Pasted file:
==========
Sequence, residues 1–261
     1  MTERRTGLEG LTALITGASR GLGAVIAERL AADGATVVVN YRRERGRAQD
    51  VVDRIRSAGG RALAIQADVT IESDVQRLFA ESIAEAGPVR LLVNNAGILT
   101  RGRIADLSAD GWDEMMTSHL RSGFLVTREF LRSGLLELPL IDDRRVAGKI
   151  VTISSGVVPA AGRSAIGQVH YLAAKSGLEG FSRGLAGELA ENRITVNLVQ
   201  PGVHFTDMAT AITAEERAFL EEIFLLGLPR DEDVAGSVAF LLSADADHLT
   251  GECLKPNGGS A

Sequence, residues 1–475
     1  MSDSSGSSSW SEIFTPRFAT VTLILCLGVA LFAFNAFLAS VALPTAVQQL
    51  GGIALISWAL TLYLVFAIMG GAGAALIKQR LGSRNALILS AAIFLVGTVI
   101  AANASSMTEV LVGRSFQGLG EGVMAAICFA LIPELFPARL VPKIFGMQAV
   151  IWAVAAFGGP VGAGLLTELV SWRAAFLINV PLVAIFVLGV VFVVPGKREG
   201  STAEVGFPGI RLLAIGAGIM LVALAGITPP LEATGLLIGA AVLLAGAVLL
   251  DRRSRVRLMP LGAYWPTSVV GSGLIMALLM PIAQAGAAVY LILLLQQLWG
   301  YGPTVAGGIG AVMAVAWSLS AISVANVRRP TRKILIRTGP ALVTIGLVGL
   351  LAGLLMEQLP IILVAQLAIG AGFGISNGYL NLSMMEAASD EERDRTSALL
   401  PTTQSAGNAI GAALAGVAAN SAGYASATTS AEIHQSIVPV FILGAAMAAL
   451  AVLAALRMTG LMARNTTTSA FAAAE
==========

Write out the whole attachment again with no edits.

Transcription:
Sequence, residues 1–261
     1  MTERRTGLEG LTALITGASR GLGAVIAERL AADGATVVVN YRRERGRAQD
    51  VVDRIRSAGG RALAIQADVT IESDVQRLFA ESIAEAGPVR LLVNNAGILT
   101  RGRIADLSAD GWDEMMTSHL RSGFLVTREF LRSGLLELPL IDDRRVAGKI
   151  VTISSGVVPA AGRSAIGQVH YLAAKSGLEG FSRGLAGELA ENRITVNLVQ
   201  PGVHFTDMAT AITAEERAFL EEIFLLGLPR DEDVAGSVAF LLSADADHLT
   251  GECLKPNGGS A

Sequence, residues 1–475
     1  MSDSSGSSSW SEIFTPRFAT VTLILCLGVA LFAFNAFLAS VALPTAVQQL
    51  GGIALISWAL TLYLVFAIMG GAGAALIKQR LGSRNALILS AAIFLVGTVI
   101  AANASSMTEV LVGRSFQGLG EGVMAAICFA LIPELFPARL VPKIFGMQAV
   151  IWAVAAFGGP VGAGLLTELV SWRAAFLINV PLVAIFVLGV VFVVPGKREG
   201  STAEVGFPGI RLLAIGAGIM LVALAGITPP LEATGLLIGA AVLLAGAVLL
   251  DRRSRVRLMP LGAYWPTSVV GSGLIMALLM PIAQAGAAVY LILLLQQLWG
   301  YGPTVAGGIG AVMAVAWSLS AISVANVRRP TRKILIRTGP ALVTIGLVGL
   351  LAGLLMEQLP IILVAQLAIG AGFGISNGYL NLSMMEAASD EERDRTSALL
   401  PTTQSAGNAI GAALAGVAAN SAGYASATTS AEIHQSIVPV FILGAAMAAL
   451  AVLAALRMTG LMARNTTTSA FAAAE